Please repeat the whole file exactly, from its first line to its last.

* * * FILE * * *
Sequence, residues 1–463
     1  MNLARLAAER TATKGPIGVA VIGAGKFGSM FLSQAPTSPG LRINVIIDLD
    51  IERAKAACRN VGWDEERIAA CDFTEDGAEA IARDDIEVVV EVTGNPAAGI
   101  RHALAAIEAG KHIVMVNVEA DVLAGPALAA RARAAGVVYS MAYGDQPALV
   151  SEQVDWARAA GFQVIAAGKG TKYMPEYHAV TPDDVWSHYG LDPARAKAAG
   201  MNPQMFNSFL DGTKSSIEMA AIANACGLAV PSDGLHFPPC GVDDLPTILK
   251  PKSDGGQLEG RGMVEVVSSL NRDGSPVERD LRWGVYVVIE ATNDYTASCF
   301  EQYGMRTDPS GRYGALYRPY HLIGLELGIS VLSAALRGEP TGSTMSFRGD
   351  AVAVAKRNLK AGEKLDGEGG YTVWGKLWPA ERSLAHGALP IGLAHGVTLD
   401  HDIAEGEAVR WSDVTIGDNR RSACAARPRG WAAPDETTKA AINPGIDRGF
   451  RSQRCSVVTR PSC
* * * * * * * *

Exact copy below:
Sequence, residues 1–463
     1  MNLARLAAER TATKGPIGVA VIGAGKFGSM FLSQAPTSPG LRINVIIDLD
    51  IERAKAACRN VGWDEERIAA CDFTEDGAEA IARDDIEVVV EVTGNPAAGI
   101  RHALAAIEAG KHIVMVNVEA DVLAGPALAA RARAAGVVYS MAYGDQPALV
   151  SEQVDWARAA GFQVIAAGKG TKYMPEYHAV TPDDVWSHYG LDPARAKAAG
   201  MNPQMFNSFL DGTKSSIEMA AIANACGLAV PSDGLHFPPC GVDDLPTILK
   251  PKSDGGQLEG RGMVEVVSSL NRDGSPVERD LRWGVYVVIE ATNDYTASCF
   301  EQYGMRTDPS GRYGALYRPY HLIGLELGIS VLSAALRGEP TGSTMSFRGD
   351  AVAVAKRNLK AGEKLDGEGG YTVWGKLWPA ERSLAHGALP IGLAHGVTLD
   401  HDIAEGEAVR WSDVTIGDNR RSACAARPRG WAAPDETTKA AINPGIDRGF
   451  RSQRCSVVTR PSC